Write as if it matters. Because we need your voice.

Cottonwoods along Clear Creek through the window screen.

Cottonwoods along Clear Creek through the window screen of my hotel room.

What’s Cooking: Savory Rosemary-Lavender Scones

Deck railings dripping before dawn....

Deck railings dripping before dawn….

I woke this morning in the darkness before dawn and, as I always do, I first checked the view of the constellations—Orion, my favorite, was barely visible, glittering through a veil of high cloud. Next I checked the outside temperature: 49 degrees F, very warm for dawn at this time of year.

I grabbed my laptop and returned to bed, piling pillows behind me so I could sit up and write in my journal. Half an hour later, I heard a sound I don’t usually hear as night is yielding to day: thunder. I looked out and saw showers sweeping down the mountainsides.

Soon, rain was splattering the windows. With no sun to warm the house, I decided it was the perfect time to revive a Sunday tradition from the years BBC (before Richard’s brain cancer), when I baked scones almost every Sunday morning.

Fire at the push of a button on a remote, a luxury after years of splitting and burning wood.

Fire at the push of a button on a remote, a luxury after years of splitting and burning wood.

I could of course have simply turned on the charming and efficient gas fireplace tucked in the corner of my living-dining-kitchen “great” room as my supplemental heat source.

But if I’m going to pay for natural gas—and by “pay” I mean both shell out cash and also pay in terms of the effect of the CO2 added to the atmosphere when I burn it—I might as well use that gas to feed myself as well. Hence baking.

I don’t remember the last time I baked scones. I pretty much gave up baking when Richard entered hospice care three years ago. After he died, it was just me, and I was scrambling to finish the big house and build this small one.

I hunted through my recipe books and looked online for a savory scone recipe, and didn’t find one I really liked. I wanted something without much gluten, since lately I seem to be a little sensitive to it, and I had in mind using the herbs growing in pots on my deck, specifically the lavender, which is blooming again—crazy plants!—and the rosemary.

Food processor, ingredients, Mom's favorite green glass mixing bowl--I'm all set!

Food processor, ingredients, Mom’s favorite green glass mixing bowl–I’m set!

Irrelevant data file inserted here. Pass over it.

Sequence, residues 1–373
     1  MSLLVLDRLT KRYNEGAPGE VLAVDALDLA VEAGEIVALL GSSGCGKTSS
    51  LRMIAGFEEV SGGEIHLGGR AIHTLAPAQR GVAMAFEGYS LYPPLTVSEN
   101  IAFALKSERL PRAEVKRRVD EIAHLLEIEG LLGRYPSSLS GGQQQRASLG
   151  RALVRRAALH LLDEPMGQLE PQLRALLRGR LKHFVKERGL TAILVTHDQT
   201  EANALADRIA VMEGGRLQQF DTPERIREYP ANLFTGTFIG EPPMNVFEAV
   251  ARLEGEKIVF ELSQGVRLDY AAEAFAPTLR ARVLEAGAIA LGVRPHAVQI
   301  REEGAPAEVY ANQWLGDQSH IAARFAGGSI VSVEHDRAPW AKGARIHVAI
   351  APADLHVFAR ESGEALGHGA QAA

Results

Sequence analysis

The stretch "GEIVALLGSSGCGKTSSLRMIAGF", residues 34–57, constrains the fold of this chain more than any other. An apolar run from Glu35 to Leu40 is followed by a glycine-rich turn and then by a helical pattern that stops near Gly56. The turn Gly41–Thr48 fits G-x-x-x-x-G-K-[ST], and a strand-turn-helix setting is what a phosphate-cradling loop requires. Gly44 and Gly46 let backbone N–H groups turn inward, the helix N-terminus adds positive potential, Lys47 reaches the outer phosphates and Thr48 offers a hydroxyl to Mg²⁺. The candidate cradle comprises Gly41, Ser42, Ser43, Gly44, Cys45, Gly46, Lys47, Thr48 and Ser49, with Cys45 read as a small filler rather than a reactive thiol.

I wasn’t entirely sure I’d still remember how to get just the right texture to the dough and bake them so they’re crisp outside and crumbly within. But once I got out my ingredients and began to measure and mix and chop and whisk, my hands remembered.

Chopping freshly harvested lavender buds and rosemary leaves—oh, the fragrance!

Chopping freshly harvested lavender buds and rosemary leaves—oh, the fragrance!

And the results? I took some scones over to Ploughboy Local Market, and was gratified by the speed at which the scones were devoured, and the expressions of delight. But don’t take my word for it, make ‘em yourself!

Susan’s Savory Rosemary-Lavender Scones

1-1/4 cups spelt flour (this recipe was developed for high-altitude; below 5,000 feet, use 1 cup spelt flour)
1/2 cup unbleached flour (could just use all spelt flour)
1/2 cup blue cornmeal
1-1/2 tsp baking powder
1/2 tsp baking soda
1/2 tsp salt
1 T finely chopped mixed rosemary leaves and lavender buds
5 T butter, cubed
1 egg, room temperature
1/2 cup buttermilk or half-n-half soured with 1 tsp vinegar
3 T maple syrup

Pre-heat oven to 400 degrees. Mix dry ingredients plus chopped lavender and rosemary. (I do this in a food processor.) Cut in butter until flour/butter mix is crumbly. (In a food processor, pulse slowly just until crumbly.) Beat egg in small bowl, add buttermilk/soured cream and maple syrup and beat until combined. Reserve about a T for a wash for scones. Pour the rest into food processor, pulse just until the mix begins to gather into a mass. Put about a T flour each onto two cookie sheets. Scoop out half of the scone dough and dredge in flour on cookie sheet until it doesn’t stick. Flatten the ball gently and if it’s still sticky, gently knead in enough flour to make it workable. Carefully pat out into a half-inch thick round. Brush with reserved egg/cream/syrup wash. Cut into 8 wedges, separating wedges so they don’t stick while baking. Bake 15 minutes or until top is lightly browned. Repeat with the other half of the dough. Enjoy!

The finished scones cooling.

The finished scones cooling.

Coda: Getting back to my Sunday-morning baking feels like coming home again. I miss Richard and I always will, but I like this simple life I’m building on my own.